You'll have to do some homework as the Eleven Point River is a federally-protected Wild and Scenic River administered by the US Forest Service, and in some areas fishing is not allowed.
Bennett Spring State Park
Bennett Spring State Park is a public recreation area located in Bennett Springs, Missouri and is centered on another of the wild springs that flows into the Niangua River. The waters within the park are stocked with brown and rainbow trout, as are the waters below the park, and many line-stretching fish are caught here.
Roaring River State Park
According to Missouri State Parks, "Roaring River is known for its premier trout fishing. The river is stocked regularly by the park's hatchery, which is managed by the Missouri Department of Conservation. Fishing licenses and tags are available in the park store." (many areas require trout fishermen to purchase a daily tag)
The park offers a cleaning station for anglers who want to try a delicious meal of fresh fish, and even provides information on season dates, regulations, and an updated fishing report service.
Montauk State Park
According to the MDC, "Anglers should experience good trout fishing at Montauk State Park during the 2021 March 1st through October 31st season due to the daily stocking of rainbow trout."
The park is divided into three different zones: The catch-and-release area of Montauk Lake, the flies-only area at the stream from Montauk Springs, and the natural and artificial bait area which includes all the spring branch below the CCC Spillway.
Missouri Trout Season
The dates of trout season is typically repeated year after year in Missouri, but always check with the MDC to inform yourself on the latest.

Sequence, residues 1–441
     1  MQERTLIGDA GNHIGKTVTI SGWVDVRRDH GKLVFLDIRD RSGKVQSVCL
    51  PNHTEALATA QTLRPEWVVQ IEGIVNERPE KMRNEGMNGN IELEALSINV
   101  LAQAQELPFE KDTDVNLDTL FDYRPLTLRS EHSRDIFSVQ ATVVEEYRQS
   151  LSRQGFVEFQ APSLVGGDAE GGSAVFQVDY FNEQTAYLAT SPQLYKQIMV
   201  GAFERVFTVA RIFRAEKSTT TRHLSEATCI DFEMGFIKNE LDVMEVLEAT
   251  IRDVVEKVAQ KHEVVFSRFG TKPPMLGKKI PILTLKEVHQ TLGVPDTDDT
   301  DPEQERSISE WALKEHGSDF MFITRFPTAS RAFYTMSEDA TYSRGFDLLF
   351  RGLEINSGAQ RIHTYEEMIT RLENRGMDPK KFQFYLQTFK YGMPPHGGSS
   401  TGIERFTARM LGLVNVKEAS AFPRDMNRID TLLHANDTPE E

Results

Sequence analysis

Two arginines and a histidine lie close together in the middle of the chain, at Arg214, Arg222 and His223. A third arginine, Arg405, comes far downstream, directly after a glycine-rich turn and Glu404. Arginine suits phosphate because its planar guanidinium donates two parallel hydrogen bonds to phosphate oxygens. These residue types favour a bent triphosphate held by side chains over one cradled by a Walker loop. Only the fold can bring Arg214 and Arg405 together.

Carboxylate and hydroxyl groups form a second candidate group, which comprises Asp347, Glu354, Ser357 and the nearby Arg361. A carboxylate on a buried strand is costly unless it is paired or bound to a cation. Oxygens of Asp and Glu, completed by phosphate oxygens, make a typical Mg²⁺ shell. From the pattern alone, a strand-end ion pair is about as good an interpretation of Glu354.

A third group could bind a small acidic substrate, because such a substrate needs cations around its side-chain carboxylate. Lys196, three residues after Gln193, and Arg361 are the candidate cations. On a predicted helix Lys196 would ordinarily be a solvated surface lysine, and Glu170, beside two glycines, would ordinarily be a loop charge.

As these trout parks go in Missouri, the seasons for Maramec Spring Park, Bennett Spring State Park, Montauk State Park and Roaring River State Park run from March 1, 2021 to October 31, 2021 with a daily limit of four fish (10 in possession) and a 15-inch minimum for brown trout. There is no limit for rainbows.
The catch and release season for trout typically runs from November to February in the four parks listed (check regulations for specifics). During this time no trout may be harvested and caught fish must be immediately released back into the water.
Missouri residents may obtain the state's fishing license for $12, or a combined small game hunting and fishing permit for a cost of $19. To go after trout, anglers must also have a $10 trout permit. Non-resident anglers will pay $49 for the fishing permit and the same $10 for a trout permit.
The Beauty of Missouri Trout Fishing
Whether you are fly fishing or using traditional fishing methods, Missouri holds some great trout fishing for you and under one of the prettiest backdrops that you can imagine. Even though the Ozarks aren't the natural home to trout, rainbows and brown trout have long since found a home here as anglers from across the nation have found out.
In fact, most trout streams in the region hold at least a decent population of rainbows, and when it comes to trout populations, they're the predominant species in most Ozark streams. Angling for trout comes in the form of red ribbon, white ribbon, and blue ribbon trout fishing and are listed as such on the MDC website to make your fishing destination decision an easy one.
There are great areas for veteran fly fishermen to try their luck with dry flies and nymphs or where traditional fishing enthusiasts can cast stickbaits or live bait into some of the best trout waters in the United States.
Enjoy the outdoors?
Sign up for daily stories delivered straight to your inbox.